What Arranged Marriages Taught Me About Love

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I remember the first time I found out that one of my friends had an arranged marriage. I was at a work function and struck up a conversation with a coworker in which I asked him how he and his wife met. When they told me that their marriage had been arranged by their parents, I was stunned. I had spoken to them many times before, and always noticed how much they seemed to enjoy one another's company. In fact, if someone had asked me to name the married couples I knew who seemed most in love, they would have been near the top of the list.

Over time, I would eventually discover that quite a few of my friends had marriages that were mostly arranged by their families. They did have input into the decision-making process, and did meet their future spouses a few times before making any commitments, but the process was directed by their parents. The majority of these friends were from parts of India where that kind of thing is common, and I had a ton of questions for them about how it all worked. It led to a lot of fun and interesting discussions, and what I learned would eventually shatter my notions of what the institution of marriage was all about.

The typical secular American viewpoint is that marriage is about "love," and love is a feeling. The way to find a spouse, the thinking goes, is to find someone you have fun with, and whose presence makes you have all sorts of positive feelings -- that's how you'll know you're "in love." Then, you get married, and the overriding goal of your union is to make sure that both of you experience as much fun and comfort as possible. As long as you and your spouse still feel positive emotions about one another, you'll have a "good marriage."

Within this paradigm, the idea of an arranged marriage was perplexing. How would you know if you and your potential spouse would have fun together? If you only met him or her a few times, how could you be sure you clicked? To the modern American mind, the entire foundation of a marriage was positive feelings, and so entering into a marriage in which you weren't sure the feelings were there seemed like a recipe for disaster.

What I would eventually realize is that my friends had an entirely different understanding of what love and marriage are all about.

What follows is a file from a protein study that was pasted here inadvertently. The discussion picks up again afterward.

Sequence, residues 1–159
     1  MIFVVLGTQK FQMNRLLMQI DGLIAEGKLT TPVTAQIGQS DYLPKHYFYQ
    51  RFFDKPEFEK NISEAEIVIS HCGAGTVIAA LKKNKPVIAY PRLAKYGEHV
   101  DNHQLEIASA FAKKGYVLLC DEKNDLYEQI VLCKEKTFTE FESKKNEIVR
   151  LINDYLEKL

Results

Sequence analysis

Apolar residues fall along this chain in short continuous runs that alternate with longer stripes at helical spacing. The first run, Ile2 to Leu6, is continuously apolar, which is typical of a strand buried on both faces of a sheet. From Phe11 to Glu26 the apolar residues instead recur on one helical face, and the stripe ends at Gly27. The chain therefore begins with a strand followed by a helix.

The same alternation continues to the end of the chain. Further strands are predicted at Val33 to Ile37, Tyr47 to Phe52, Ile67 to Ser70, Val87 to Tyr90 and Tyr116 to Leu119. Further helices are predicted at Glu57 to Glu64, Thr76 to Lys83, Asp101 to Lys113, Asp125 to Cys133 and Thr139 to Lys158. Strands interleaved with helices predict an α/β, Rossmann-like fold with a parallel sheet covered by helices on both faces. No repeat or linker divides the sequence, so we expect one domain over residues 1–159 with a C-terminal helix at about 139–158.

First of all, they saw a marriage as being about so much more than the bride and groom alone: Yes, the spouses hoped that they would be happy in their unions, but they also saw their marriages as the coming together of two entire families. The possibility of children was not seen as a tangential, completely optional lifestyle choice that the couple might make if they thought that kids would make them happy; rather, marriage was seen as being intrinsically ordered toward new life, with a hope that each family and all that it stood for would continue into in another generation. Engaged couples approached their nuptials not focused exclusively on how each could achieve as much personal happiness as possible, but also with an eye toward how to honor their birth families as well as their new families by marriage.

What I found most interesting, though, was my friends' understanding of love.

They hoped for the same exciting feelings that American culture calls "love," but they didn't see those emotions as definitive of the concept. They saw love as an action, one that's rooted in mutual self-giving and self-sacrifice. They adhered to this crazy notion that when two people come together in the name of something greater than themselves, and each is willing to sacrifice some of his or her selfish desires to make the other's life easier, that that is what real love looks like.

And they said something else that was surprising to me at the time: That when two people enact this version of love, day in and day out, the feelings come. They may not always have the same intensity of the feelings that modern Americans label "love" (which are undoubtedly too often confused with lust or infatuation), but they run deeper and last longer.

My takeaway from these conversations was not that arranged marriages are always better, or that there are no problems within that system of courtship. Instead, the glimpse these couples gave me into their lives made me completely re-evaluate my understanding of what this institution is all about, and what it means to be in love. If the secular understanding of love were true, then none of these couples should be happy. Yet not only did most of them have successful marriages, but they seemed happier than many people who had followed the typical American wisdom in these matters. They were the experiment that tested the secular hypothesis of love-as-a-feeling, and the hypothesis proved to be false.

I would later come to a much deeper understanding of this subject once I was married myself, and especially once I converted to Catholicism. But I always think back fondly on those conversations with my friends who had arranged courtships, because they were the first to introduce me to the truth that when you have a marriage built on self-sacrifice in the name of something greater, you have a marriage built on love.